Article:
Not long ago the traditional work environment was considered to be too restrictive by thousands of employees in big corporations, especially in the IT outsourcing, and software development industry. Now we’ve suddenly shifted to remote work, and merged our home and office space. In between restructuring our schedule, personal life, and doing our job, some aspects seem to be losing ground – like company culture.
We’ve continued to stay connected in so many ways, yet we’re disconnected from the whole.
Will this context push companies to find new enterprise software solutions, and methods to keep their employees in the culture bubble or will the concept be reduced to minimum elements?
In search of the ideal work environment
The old fashion 9 to 5 schedule is being disputed by Millenials and Generation Z for some years now. Flexible hours, creative spaces, or working full-time off site are considered to be alternatives to the conservative pattern.
But which one is the best? Which one sustains the company culture better? Can it satisfy both employee and company needs?
Big companies already face the challenge of creating a cohesive and easy-to-adopt culture, while having office across nations. Now being part of the biggest work from home experiment as we speak, is expanding corporate culture limits.
Some say giving up the common space is equalizing everyone. No more exclusion. Online calls include everyone and collaboration is more encouraged.
Others claim that unplanned interaction that only happens when you are in the same space, contribute to building relationships that lead later on to a well-connected culture. You cannot plan to ask someone how are their kids doing, or about their sick mother. Back in the office days, that could just occur by the coffee machine.
A balanced version would probably include office days for face-to-face time, flexible schedule, or even off-site days to experiment with other environments and stimulate creativity.
As a discussion opened by James L. Heskett, UPS Foundation Professor of Business Logistics says about remote work: “Its success is dependent, on the one hand, on an effective culture fostered by senior executives who embrace the notion of remote work. On the other hand, remote work can provide an alternative to a toxic office culture resulting from management neglect.”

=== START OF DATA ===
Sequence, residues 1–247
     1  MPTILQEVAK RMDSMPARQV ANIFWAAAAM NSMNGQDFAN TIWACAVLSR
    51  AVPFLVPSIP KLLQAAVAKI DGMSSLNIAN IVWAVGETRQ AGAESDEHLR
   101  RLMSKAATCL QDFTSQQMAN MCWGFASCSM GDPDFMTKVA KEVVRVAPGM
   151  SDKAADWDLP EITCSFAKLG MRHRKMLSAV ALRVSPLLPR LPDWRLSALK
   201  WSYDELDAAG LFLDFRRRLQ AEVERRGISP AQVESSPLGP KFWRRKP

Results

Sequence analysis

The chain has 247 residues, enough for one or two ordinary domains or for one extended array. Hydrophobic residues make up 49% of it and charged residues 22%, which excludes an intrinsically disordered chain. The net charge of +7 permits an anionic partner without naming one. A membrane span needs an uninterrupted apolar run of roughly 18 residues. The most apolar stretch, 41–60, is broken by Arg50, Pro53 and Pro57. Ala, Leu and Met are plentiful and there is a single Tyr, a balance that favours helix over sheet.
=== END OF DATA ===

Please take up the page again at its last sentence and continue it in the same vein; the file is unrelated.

Nevertheless, right now the options are reduced to mostly to WFH.
Migration – temporary phenomena?
Coronavirus is a virus that was actually born in a very populated city, unfortunately. And it has widely spread mostly in the big cities, because of the favorable conditions.
As a consequence restaurants, bars, concerts, cultural events, and mostly all activities that kept the urban site appealing, have been shut down. This made people rethink where they want to spend their daily life, as The Independent shows. Since they can’t enjoy too much of the big city life or work from the office, they no longer have a justification for the cost of living.
Many employees with families, decided to leave the city bubble and move to the suburbs or countryside. Since working only requires an internet connection, the benefits of a peaceful life seem to worth more.
Though organizational culture needs to restructure in the current situation and is challenging both management and employees to readapt their ways of interaction, it could only mean evolution. The required effort to keep ourselves connected is actually the main engine of engagement.
Above all, embracing remote work could redistribute economic opportunity. The migration will determine investments in smaller cities, which will lead to a growing economy and visibility. The possibility of working remotely could give those who cannot afford living in big cities a chance to better jobs and thus, better living.